Every time I encounter a rude bus driver, or subway staff, my interest in using MTA declines. Yes, it’s easy, especially when you’re running late, but the fact remains that since I moved here in 2006, there have been four fee increases (I know they’re not that high, but it’s the principle), they’ve decreased service at night and staff in stations, stopped several lines, yet are still moving forward with a line on 2nd Ave (which I get will help alleviate crowds on the 4,5, and 6 lines, but that’s costing several billions of dollars they can’t afford and then you rude employees. These are all major concerns and I think any corporation would buckle down on them before they got even larger or cost them severely.

As a monthly metro card holder, I sometimes wonder what would happen if all of NY stood up and for a day didn’t use the subway or bus system. What would happen? Would our collective voices be heard? Would it change the way the MTA views it’s users? Maybe this is something we should explore…

More importantly, there’s a lesson to learn behind this: how not to treat your customers. It’s fairly simple, really. Never shut the door in someone’s face. Even if you have a schedule and you want to get going, if you have a chance to treat someone kindly, or make someone’s day a bit easier, take it. I know (from experience), that in retail, it is often, “don’t kick out your customer, even if it’s after closing because you may make a sale.” I’m not talking about that. I’m talking about helping a customer whether they buy something or not. I’m talking about going above and beyond the ordinary. That means, not forcing a mother and her child back in the rain just to close a stroller, or ignoring customers that don’t understand a new system and are asking for help. A client/customer will remember your interaction and how you treated them always. If it was bad, well, every one they know will know. If it was good, every one they know will know. Not to mention, they will come to you always, even for recommendations.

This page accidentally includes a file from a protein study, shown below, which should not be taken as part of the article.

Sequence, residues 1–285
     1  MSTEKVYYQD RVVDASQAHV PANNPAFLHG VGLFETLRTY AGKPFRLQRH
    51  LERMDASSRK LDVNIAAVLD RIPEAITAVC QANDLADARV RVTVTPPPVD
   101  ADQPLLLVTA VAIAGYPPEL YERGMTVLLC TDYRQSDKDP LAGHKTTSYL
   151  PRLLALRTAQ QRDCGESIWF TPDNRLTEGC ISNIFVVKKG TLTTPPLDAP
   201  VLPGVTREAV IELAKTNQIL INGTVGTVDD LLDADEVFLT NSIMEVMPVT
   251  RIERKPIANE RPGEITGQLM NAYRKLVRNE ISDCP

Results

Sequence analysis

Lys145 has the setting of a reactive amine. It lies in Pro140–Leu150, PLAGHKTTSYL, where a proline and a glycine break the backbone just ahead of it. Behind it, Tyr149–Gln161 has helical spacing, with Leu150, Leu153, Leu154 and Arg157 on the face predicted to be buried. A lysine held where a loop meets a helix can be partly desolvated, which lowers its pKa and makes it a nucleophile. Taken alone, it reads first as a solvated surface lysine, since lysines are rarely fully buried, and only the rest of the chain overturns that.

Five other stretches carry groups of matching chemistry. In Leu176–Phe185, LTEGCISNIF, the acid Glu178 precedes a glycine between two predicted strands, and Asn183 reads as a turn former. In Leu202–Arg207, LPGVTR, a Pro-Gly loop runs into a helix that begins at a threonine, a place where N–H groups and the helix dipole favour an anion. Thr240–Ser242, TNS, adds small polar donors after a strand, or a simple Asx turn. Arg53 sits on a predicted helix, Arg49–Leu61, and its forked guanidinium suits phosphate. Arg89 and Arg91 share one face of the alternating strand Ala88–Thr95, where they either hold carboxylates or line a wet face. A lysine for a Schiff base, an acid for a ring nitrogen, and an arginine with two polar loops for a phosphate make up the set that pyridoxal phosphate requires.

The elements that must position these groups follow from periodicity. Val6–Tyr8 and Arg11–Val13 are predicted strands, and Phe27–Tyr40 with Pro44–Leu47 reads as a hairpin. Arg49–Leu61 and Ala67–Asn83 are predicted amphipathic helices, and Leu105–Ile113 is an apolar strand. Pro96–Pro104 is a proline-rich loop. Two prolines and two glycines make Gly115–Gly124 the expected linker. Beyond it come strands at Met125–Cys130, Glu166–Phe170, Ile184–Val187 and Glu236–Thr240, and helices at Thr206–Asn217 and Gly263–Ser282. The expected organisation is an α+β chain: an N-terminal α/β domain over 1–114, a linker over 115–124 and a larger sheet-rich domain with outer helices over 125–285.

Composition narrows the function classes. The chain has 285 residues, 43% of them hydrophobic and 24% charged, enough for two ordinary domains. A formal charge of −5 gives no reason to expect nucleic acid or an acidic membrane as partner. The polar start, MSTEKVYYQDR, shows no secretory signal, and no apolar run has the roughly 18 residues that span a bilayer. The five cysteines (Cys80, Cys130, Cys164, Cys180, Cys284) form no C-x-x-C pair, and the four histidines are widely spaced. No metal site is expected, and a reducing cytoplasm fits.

Your customer base is everything and therefore should be treated with respect and courtesy. Employees can be one of the best marketing tools if they are happy, and the worst, if they’re unhappy.  When an employee is rude or shows no decency, they are essentially saying that the company does not value them and that is never a position a company seeks.